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A: Roma, Lazio, Italy

Tironian Notes, Possibly the Earliest System of Shorthand

63 BCE
Tironian Notes Codex Casselanus

Tironian glossary in the 9th century Codex Casselanus. (Ms. philiol. pl. 2 1v).

Vindolanda Tablet 122 with Latin shorthand, possibly notae Tironianae, c.90-130 CE. (View Larger)

Plutarch records that in 63 BCE the system of shorthand known as Tironian notes was used to record Cato the Younger's denunciation against Catiline:

"This only of all Cato's speeches, it is said, was preserved; for Cicero, the consul, had disposed in various parts of the senate-house, several of the most expert and rapid writers, whom he had taught to make figures comprising numerous words in a few short strokes; as up to that time they had not used those we call shorthand writers, who then, as it is said, established the first example of the art."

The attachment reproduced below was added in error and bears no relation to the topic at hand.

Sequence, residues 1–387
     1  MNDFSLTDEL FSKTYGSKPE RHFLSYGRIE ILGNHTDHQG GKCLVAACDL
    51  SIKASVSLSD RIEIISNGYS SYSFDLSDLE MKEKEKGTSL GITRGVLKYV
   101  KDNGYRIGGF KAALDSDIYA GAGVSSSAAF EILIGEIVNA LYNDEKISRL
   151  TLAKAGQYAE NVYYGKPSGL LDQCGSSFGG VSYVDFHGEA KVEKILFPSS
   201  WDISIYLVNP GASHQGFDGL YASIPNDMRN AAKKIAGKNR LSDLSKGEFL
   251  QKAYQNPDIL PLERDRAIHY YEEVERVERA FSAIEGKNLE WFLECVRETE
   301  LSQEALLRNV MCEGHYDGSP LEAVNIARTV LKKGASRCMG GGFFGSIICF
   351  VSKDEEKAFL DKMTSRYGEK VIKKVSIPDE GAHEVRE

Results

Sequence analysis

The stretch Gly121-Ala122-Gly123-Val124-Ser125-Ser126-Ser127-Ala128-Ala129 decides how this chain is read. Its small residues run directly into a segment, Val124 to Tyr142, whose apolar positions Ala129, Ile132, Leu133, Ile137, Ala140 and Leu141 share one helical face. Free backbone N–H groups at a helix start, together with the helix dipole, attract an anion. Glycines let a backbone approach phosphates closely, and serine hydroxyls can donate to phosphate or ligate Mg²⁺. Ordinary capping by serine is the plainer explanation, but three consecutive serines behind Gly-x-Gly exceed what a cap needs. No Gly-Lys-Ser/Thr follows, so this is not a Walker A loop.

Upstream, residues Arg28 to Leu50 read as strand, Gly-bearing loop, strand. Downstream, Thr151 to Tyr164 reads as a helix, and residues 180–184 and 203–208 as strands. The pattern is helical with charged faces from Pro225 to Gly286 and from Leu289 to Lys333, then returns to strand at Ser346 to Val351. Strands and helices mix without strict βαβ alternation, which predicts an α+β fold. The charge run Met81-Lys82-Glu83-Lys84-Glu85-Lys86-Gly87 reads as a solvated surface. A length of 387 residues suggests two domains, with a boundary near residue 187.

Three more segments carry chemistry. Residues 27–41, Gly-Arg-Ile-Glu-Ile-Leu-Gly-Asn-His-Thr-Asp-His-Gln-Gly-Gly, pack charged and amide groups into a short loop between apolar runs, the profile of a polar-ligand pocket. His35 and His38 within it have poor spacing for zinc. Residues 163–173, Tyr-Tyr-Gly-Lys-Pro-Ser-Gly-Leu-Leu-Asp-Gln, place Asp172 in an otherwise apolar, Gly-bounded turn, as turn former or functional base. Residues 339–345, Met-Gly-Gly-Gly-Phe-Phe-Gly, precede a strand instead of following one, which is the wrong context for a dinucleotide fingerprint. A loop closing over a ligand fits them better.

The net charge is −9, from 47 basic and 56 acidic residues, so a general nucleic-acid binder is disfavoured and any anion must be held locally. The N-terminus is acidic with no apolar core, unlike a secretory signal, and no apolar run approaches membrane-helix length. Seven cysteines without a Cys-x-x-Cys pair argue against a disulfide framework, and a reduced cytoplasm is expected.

"Tironian notes (notae Tironianae) is a system of shorthand said to have been invented by Cicero's scribe Marcus Tullius Tiro. Tiro's system consisted of about 4,000 signs, somewhat extended in classical times to 5,000 signs. In the Medieval period, Tironian notes were taught in monasteries and the system was extended to about 13,000 signs. The use of Tironian notes declined after A.D. 1100 but some use can still be seen through the 17th century" (Wikipedia article on Tironian notes, accessed 04-20-2009).

There are no surviving copies of Tiro's original manual and code, so knowledge of it is based on biographical records and copies of Tironian tables from the medieval period.[5] 


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